Newsom signs $47.1 billion higher education package into law at CSUN

Gov. Gavin Newsom highlighted his $47.1 billion higher education funding plan at the Student Recreation Center in CSUN at Northridge, Calif., on Tuesday, Oct. 6, 2021. According to Newsom, it is the most funding for higher education in modern history.

Shannon Carter, News Editor

Gov. Gavin Newsom visited CSUN Wednesday to sign a series of bills aimed at making college more affordable and accessible for Californians.

“We’re here in the spirit [of ] not just of identifying the obvious, and all the challenges and vexing problems we have, but [with] real strategies and real solutions,” Newsom said. “We have the plan, and this year we have the money to get big things done.”

As a part of Newsom’s $100 billion “California Comeback Plan,” the bills are designed to create affordable student housing, expand financial aid and create more opportunities for in-state students who would like to attend a school in the California State University or University of California system.

The move comes after the state’s budget saw an $80 billion surplus despite the economic impacts from the pandemic over the past 18 months.

The bills signed today will help assist students through a variety of ways such as expanding the Cal Grant program for community college students, revising the Middle Class Scholarship program to cover the difference between a student’s total cost of attendance and other sources of aid, and implementing a Zero Textbook Cost program that helps address the rising costs of textbooks.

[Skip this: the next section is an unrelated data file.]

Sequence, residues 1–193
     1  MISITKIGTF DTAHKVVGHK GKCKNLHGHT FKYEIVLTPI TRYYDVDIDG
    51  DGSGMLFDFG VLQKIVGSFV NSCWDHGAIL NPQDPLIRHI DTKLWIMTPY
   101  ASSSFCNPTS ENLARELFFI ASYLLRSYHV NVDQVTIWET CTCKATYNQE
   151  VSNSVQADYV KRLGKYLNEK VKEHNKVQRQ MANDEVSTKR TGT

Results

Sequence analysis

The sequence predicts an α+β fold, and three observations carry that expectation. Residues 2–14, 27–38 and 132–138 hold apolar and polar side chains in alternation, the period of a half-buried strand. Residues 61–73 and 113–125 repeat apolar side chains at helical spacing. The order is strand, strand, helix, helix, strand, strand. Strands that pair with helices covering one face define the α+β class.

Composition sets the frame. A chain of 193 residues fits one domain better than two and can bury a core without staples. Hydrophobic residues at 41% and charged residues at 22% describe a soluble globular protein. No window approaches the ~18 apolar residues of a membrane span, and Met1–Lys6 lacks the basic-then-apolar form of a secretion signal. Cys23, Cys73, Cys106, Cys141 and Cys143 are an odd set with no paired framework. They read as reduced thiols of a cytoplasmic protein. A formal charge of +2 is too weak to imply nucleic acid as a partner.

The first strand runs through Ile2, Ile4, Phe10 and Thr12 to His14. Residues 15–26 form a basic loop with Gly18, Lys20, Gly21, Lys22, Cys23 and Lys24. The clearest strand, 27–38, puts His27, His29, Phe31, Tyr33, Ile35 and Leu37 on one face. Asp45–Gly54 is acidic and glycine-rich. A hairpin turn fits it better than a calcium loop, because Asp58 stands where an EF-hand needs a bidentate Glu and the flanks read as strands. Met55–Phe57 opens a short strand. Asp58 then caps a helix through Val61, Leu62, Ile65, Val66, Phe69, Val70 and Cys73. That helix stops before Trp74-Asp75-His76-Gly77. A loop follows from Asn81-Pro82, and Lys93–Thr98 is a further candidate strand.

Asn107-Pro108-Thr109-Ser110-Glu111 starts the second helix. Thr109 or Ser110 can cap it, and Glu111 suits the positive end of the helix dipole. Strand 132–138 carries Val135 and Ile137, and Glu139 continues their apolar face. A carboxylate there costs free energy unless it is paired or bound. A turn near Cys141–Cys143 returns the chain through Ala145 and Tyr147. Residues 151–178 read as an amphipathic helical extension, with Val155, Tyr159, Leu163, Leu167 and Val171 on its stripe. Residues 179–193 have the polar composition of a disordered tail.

The $47.1 billion higher education package includes Assembly Bill 469, sponsored by Assemblymember Eloise Gómez Reyes (D-San Bernardino), which requires all students to submit a Free Application for Federal Student Aid or California Dream Act application by September 2022, unless they have completed an “opt-out form.”

Gov. Gavin Newsom arrives at CSUN on Oct. 06, 2021 (Briana Walden)

Newsom also signed Assembly Bill 1377, which was authored by Assemblymember Kevin McCarty (D-Sacramento). The bill requires the CSU and UC system to conduct a student housing assessment for each campus and create a housing plan that outlines how student housing needs will be met.

Another bill signed by the governor, Assembly Bill 928, establishes a program that provides eligible students the opportunity for guaranteed admission to a UC or CSU campus after they complete an associate degree for transfer or another transfer pathway from a California community college.

“The number one complaint I get is ‘Why can’t my kid get into the CSU? Why can’t my kid get into UC?’” said Newsom in regards to AB 928. “And so we’re trying to reconcile that as well.”

AB 928 gives both the CSU and UC systems until May 31, 2023, to create a joint singular lower division general education pathway.

CSU Chancellor Joseph I. Castro, who spoke shortly before Gov. Newsom said that the implementation of the recently signed bills “will not be easy.”

“It will require hard work and constant collaboration by our faculty and administration across public higher education segments,” Castro said. “But we will do that hard work and open the doors for thousands and thousands of more students, especially those coming from historically underserved communities.”